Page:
STILL CHASING THE GHOST

joel0711

LifeTime Supporter
Apr 25, 2010
165
0
#1
I've been chasing down a small air leak but not luck--yet--
When first starting air appears to come in from under the basket lid.After being off for a period air appears to come from farther down the basket container. During running bubbles appear to be drawn in from lid. When off it takes 10 to 15 minutes for one bubble to come up (approx.size of quarter).I haven't lost prime in the last week but still have air in the basket each morning.
Here's what I've checked so far.
1. new gasket on basket lid (I have another gasket to try if anyone thinks the last one may be bad,,how do I tell??)
2. unhooked liquidator ball gauge but bubbles continued to appeared.Water is still in gauge in the mornig after pump off all night.

3. Pinched hose between liquidator and pump and held to see if bubbles would stop,they didnt. 4.covered all pipe connections with tape to see if one of them was possibly leaking, no luck
5.Checked wier door for smooth operation, it moves without effort
From my very limited experience the problem should be the lid gaket or lid itself. It is 4 years old. Should I go ahead and change the gasket once again just to be sure of it?? I see no cracks in the lid. There is absolutely no water leaks in the system. Pad is dry as my yard, we're having a real dry spell at the moment! Any directions could sure be used,I've 'bout ran out of ideas,even though I'm sure it's something small and simple...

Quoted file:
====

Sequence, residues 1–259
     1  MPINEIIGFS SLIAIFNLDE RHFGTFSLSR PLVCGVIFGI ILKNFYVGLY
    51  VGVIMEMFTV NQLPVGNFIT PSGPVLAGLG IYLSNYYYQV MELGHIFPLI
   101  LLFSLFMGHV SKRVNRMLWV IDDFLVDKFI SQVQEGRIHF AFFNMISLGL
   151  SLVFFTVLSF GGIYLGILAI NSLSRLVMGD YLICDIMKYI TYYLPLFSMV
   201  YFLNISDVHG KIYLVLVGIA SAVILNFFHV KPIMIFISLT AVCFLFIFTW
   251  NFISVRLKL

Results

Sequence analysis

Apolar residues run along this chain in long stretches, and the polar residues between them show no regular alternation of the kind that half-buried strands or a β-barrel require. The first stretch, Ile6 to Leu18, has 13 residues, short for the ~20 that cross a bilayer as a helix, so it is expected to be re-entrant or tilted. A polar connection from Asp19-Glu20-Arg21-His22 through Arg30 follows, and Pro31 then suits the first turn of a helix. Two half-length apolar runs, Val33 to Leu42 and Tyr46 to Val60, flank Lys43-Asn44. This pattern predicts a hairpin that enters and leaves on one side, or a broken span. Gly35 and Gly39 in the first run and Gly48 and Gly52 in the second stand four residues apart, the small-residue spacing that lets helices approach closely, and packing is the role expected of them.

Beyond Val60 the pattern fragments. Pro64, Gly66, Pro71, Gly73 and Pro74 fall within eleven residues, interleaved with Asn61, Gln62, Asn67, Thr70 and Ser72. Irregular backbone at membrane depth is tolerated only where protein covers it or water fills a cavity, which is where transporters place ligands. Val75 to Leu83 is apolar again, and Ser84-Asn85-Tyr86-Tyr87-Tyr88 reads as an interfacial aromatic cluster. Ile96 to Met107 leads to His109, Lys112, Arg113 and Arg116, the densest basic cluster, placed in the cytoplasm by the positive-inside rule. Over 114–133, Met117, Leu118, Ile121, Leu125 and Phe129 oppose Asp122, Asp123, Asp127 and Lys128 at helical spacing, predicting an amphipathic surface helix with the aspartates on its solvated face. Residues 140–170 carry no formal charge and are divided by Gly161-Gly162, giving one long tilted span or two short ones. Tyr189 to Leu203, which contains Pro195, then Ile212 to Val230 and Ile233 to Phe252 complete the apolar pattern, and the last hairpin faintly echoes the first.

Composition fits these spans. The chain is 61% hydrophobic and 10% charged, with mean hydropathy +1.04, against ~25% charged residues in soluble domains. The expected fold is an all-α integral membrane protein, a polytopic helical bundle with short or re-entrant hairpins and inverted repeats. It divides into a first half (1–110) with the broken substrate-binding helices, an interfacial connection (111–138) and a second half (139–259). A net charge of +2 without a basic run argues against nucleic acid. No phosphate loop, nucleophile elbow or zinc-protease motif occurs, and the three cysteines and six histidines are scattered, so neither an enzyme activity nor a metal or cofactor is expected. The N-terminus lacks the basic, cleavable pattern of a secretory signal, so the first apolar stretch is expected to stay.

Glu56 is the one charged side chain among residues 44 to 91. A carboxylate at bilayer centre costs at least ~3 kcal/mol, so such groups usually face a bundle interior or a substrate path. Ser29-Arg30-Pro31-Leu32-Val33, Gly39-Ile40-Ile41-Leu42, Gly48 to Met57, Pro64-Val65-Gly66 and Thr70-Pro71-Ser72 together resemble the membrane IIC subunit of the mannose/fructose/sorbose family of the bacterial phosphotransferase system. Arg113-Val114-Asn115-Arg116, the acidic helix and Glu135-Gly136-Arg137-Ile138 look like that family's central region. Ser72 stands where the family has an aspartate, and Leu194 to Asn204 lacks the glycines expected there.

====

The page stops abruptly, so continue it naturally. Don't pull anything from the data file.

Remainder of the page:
joel0711

LifeTime Supporter
Apr 25, 2010
165
0
#3
Using one drain plug for liquidator-- I have teflon tape on threads(couple wraps) and put an 0 ring on it also,,same for the one drain plug left in. I put tape around it to see if that helped but it didnt, i can change it though,got a few spares.
 

mikeginder

Well-known member
May 23, 2011
133
0
#4
If this helps mine was not holding the water in the basket after shut off. I tightened my ring on top of the sand filter. that solved it
 

Ohm_Boy

TFP Expert
May 1, 2007
1,344
0
Orlando, FL
#6
Sometimes, suction leaks can be found using running water from a garden hose. Let the water flow onto suspected areas, and watch the bubbles. If the bubbles stop, you're flooding the leaking area with water.